Trade war tariffs continue to gnaw away at China’s manufacturing outlook, July data shows

01-Aug-2019 Intellasia | South China Morning Post | 6:02 AM Print This Post

China’s manufacturing industry remained weak in July, with factory owners still downbeat about their prospects, as the pressures of the trade war with the United States continued to mount.

The official purchasing managers’ index (PMI) rose slightly to 49.7 in July from 49.4 in both May and June, the National Bureau of Statistics said on Wednesday. The July result was above the median forecast of 49.6 in a poll of economists by Bloomberg.

However, it remained in contractionary territory, the fifth month of seven this year that the official PMI has been negative.

The PMI is a gauge of sentiment among factory operators, with 50.0 being the demarcation line between expansion and contraction in manufacturing activity. The figures for both May and June were the lowest since February’s 49.2, after signs of expansion in March and April.

The survey was conducted in the first month following the trade tariff truce agreed by Chinese President Xi Jinping and his US counterpart Donald Trump at their meeting at the G20 summit in Japan at the end of June. The US had earlier threatened to impose new tariffs on $300 billion of Chinese goods that were not yet subject to additional duties.

However, July was also the second full month in which the higher 25 per cent tariff rate was applied to $200 billion of Chinese exports to the US. The US raised the tariff from 10 per cent on May 10, meaning there is now a 25 per cent tariff on $250 billion on Chinese exports, tariffs that were not in effect at the time of Xi and Trump’s ceasefire deal.

The figure can, therefore, be viewed as a window into the impact of the trade war on China’s factory owners’ outlooks.

Reflecting this, manufacturers’ views on future exporting prospects were particularly gloomy in July. The gauge of export orders was 46.9, up from 46.3 in June. This was the highest reading since April, but factory owners have had a negative outlook for export orders since May 2018, the last time the reading was above 50, two months before the first US trade war tariffs on China were enacted. The outlook for new import orders also remained negative, at 47.4, however this was up from 46.8 in June.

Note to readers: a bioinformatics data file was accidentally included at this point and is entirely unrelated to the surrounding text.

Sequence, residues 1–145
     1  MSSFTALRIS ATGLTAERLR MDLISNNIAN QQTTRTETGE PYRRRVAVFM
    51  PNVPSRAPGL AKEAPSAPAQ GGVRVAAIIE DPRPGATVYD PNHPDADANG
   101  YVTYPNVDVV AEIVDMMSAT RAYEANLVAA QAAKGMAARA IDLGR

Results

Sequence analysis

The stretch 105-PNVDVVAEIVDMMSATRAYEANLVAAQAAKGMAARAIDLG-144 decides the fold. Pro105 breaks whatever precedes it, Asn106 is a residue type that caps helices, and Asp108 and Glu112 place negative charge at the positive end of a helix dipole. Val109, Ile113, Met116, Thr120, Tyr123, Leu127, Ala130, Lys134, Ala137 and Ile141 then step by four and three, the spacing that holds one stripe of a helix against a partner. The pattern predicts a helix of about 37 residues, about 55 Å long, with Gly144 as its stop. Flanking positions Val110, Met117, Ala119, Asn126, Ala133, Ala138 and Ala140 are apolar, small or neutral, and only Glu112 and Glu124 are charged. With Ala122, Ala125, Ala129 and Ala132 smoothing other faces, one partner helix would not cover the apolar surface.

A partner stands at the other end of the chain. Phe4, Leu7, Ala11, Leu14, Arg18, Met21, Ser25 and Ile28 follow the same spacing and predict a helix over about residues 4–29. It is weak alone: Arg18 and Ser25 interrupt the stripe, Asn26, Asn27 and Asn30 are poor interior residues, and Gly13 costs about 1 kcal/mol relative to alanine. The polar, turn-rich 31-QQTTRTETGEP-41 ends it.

The manufacturing PMI of textiles, metal products and general equipment is below the critical point, and the industry’s prosperity has decline

Zhao Qinghe

Zhao Qinghe, a senior statistician at the NBS, said that “manufacturing industries such as tobacco, paper printing, medicine, electrical machinery equipment and computer communication electronic equipment saw a rapid expansion”. However, he added that “the manufacturing PMI of textiles, metal products and general equipment is below the critical point, and the industry’s prosperity has declined”.

The NBS also released PMI data for non-manufacturing reflecting activity in the services and construction sectors which, despite remaining in expansionary territory, slumped to 53.7 in July from 54.2 the previous month, below expectations of 54.0. Composite PMI, a combined reading of both manufacturing and non-manufacturing, was 53.1, up from 53.0 in June.

“The latest surveys remain consistent with a renewed slowdown in growth. Downward pressure on factory activity eased this month, but momentum in services and construction weakened,” said Capital Economics, in a statement on the release.

The July figures will add to the concerns of policymakers in Beijing, who would otherwise have been buoyed by the pause in escalation of the trade war.

Recent economic figures have been almost universally poor. Industrial profits for the first six months of the year fell by 2.4 per cent.

While industrial production recovered to 6.3 per cent in June from 5.0 per cent in May, the producer price index that is, the price manufacturers charge for their goods at the factory gate, was 0.0 per cent in June from a year earlier, showing that producers are struggling to receive a strong return on the goods they make.

Exports fell 1.3 per cent in June, but imports fell 7.3 per cent in the month, suggesting domestic demand remains sluggish. Gross domestic product (GDP) for the second quarter of 2019 was the lowest reading since records began in March 1992, coming in at 6.2 per cent.


Category: China

Print This Post

Comments are closed.